Liberal-leaning New Jersey Policy Perspective looked specifically at Garden State impacts of proposed tax changes to fund the Build Back Better agenda. It found that the 2017 tax cuts offered inequitable benefits to our state’s most well-off residents similar to those reported nationally. The group stated that this year’s proposed higher income tax rates for the wealthy would make the tax code fairer, but only if the current SALT cap were to remain in place.

The richest 1% of New Jerseyans would receive about 50% of the benefits of a full SALT cap repeal, while the least wealthy 80% (poor and middle-class families) would share less than 10 percent of the benefits.

Contact your federal representatives and tell them you want real middle-class assistance, funding the care economy, a fight against climate change, and a continuing child tax credit to kids out of poverty. All can be paid for partly by preserving the SALT cap.

Matt Dragon, West Orange

Don’t buy Ciattarelli property tax claims

If you want Republicans to vote for you, just tell them you are going to lower their taxes. They fall for it every time.

Gubernatorial candidate Jack Ciattarelli is using the same old mantra, and he knows he has little power to lower property taxes, which are imposed by towns, counties and school districts — not the state government.

These entities hire the teachers and the municipal and county employees, and make their own budgets. The state is not a direct part of this process. New Jersey’s property taxes are the highest in the nation because of spending on education. Our schools are among the top ones in the nation, but the system is very inefficient because we have over 600 individual school districts, most with their own highly-paid superintendent and support staff.

The only way to lower property taxes significantly is to consolidate school districts. That isn’t going to happen on a large scale.

The towns will never give up their autonomy.

So, if Ciattarelli wants to take on the towns, good luck to him, but he will end up committing political suicide. He is just another politician telling people what they want to hear, but really does not have a plan or the guts to take on the towns.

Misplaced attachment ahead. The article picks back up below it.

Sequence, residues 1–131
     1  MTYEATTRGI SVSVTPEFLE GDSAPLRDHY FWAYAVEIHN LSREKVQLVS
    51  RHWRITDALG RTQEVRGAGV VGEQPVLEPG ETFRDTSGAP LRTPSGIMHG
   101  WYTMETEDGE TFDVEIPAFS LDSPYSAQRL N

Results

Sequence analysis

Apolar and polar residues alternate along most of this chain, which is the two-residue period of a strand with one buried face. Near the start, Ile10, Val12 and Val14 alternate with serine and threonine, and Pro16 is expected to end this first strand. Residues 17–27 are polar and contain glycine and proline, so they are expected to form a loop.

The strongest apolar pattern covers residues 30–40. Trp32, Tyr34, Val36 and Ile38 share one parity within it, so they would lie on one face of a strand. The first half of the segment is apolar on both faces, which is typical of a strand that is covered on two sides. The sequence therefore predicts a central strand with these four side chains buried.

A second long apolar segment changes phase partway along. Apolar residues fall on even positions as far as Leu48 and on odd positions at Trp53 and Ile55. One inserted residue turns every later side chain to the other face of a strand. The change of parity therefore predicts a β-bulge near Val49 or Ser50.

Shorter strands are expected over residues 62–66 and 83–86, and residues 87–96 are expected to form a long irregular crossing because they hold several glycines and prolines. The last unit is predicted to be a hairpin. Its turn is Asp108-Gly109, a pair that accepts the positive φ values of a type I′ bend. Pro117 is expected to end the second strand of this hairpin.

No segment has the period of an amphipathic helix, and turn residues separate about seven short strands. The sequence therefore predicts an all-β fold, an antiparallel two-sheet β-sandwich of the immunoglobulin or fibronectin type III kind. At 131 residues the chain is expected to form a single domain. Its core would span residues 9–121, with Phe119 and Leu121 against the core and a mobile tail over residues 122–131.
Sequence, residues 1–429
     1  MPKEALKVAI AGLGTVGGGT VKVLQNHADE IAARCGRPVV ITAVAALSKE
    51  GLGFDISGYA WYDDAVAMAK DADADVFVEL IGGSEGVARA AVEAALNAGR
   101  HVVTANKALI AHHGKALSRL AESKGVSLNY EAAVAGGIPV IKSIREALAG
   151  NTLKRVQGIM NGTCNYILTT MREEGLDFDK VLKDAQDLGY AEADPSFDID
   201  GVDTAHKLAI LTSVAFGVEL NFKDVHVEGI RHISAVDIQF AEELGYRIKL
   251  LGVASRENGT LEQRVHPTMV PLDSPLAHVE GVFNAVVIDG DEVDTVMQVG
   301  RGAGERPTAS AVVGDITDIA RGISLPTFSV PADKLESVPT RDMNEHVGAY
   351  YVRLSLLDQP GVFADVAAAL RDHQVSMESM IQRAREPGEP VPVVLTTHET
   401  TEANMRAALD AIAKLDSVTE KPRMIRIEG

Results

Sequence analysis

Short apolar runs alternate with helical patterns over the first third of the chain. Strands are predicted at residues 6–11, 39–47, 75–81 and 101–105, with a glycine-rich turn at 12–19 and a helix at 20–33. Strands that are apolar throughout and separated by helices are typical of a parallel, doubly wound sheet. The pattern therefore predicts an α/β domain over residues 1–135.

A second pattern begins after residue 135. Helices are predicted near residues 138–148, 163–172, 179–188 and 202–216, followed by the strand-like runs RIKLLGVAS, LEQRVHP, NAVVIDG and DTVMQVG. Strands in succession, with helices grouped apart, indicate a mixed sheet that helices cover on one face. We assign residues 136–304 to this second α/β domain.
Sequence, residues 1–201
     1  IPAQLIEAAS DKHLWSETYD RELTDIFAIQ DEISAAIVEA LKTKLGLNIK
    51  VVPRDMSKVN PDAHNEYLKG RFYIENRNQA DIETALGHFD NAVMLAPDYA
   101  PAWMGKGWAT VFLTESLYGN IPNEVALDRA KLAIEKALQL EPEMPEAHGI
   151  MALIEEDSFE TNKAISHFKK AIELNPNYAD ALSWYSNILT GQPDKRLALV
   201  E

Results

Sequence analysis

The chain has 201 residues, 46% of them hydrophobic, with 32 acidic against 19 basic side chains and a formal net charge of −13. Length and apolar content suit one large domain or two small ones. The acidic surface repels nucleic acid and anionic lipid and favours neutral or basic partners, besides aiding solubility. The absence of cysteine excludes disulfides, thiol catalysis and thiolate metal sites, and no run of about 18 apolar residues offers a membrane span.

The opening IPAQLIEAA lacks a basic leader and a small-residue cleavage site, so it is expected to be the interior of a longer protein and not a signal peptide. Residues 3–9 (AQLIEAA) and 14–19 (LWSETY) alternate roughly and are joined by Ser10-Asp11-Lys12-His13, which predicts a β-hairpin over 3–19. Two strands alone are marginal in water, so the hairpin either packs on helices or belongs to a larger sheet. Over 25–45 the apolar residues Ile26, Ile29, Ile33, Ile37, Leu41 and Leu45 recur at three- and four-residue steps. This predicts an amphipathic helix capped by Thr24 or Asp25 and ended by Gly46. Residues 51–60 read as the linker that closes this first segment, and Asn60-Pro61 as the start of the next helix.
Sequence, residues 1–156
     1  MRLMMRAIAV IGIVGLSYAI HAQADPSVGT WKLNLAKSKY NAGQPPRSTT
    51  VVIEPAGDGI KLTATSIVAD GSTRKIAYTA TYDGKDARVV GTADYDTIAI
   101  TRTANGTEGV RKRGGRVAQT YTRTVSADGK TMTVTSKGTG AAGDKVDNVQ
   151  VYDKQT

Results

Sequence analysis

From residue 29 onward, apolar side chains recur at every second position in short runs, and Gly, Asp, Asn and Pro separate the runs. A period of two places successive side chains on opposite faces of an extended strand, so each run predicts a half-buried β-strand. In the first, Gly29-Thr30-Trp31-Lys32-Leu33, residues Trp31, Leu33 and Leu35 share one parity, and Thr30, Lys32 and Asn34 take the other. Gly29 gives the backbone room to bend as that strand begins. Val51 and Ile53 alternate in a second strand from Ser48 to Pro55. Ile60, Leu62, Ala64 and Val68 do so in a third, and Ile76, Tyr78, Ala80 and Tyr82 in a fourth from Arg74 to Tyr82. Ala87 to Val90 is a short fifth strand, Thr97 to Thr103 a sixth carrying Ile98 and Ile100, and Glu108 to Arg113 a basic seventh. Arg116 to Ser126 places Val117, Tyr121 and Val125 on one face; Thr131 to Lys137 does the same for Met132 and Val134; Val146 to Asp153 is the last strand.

Joseph Marra, Seaside Park

Add local senior centers to vaccine mandate

According to the Centers for Disease Control and Prevention, the risk from the delta variant of COVID-19 is higher for those above age 65 than in the general population.

That is why a New Jersey mandate issued in August states: “All workers in certain state and private health care facilities and high-risk congregate settings are required to be fully vaccinated against COVID-19 or be subject to COVID-19 testing at a minimum of one to two times per week.”

In announcing this order, Gov. Phil Murphy stated, “Some of our most vulnerable populations remain at risk of serious illness or death from COVID-19 primarily due to exposure to unvaccinated individuals.”

The “vulnerable populations” and the “high-risk congregate settings” to which the governor refers to should be expanded to also include non-residential senior citizen center attendees and staff. The age range of users of local of senior centers is from the 60s to the 90s.

To protect the health of both our senior citizens and their families, I call upon Gov. Murphy to do the right thing and require senior center staff and members to be fully vaccinated, something that he has already done for health-care facilities and nursing homes.

Terry Goldstein, East Windsor

I don’t always agree with columnist Paul Mulshine, but his opinions on COVID-19 vaccines (“They’re not a mandate; they’re a choice”) are spot-on.

I believe it is the right of every American to decide whether or not to get vaccinated; however, all choices have consequences. If you choose not to get vaccinated, you have chosen to put your health and the health of your family and everyone you come in contact with at risk, with a possible outcome of hospitalization or death.

If your employer requires vaccination as a condition of employment, and you refuse, you have made the choice to lose your job and seek other employment.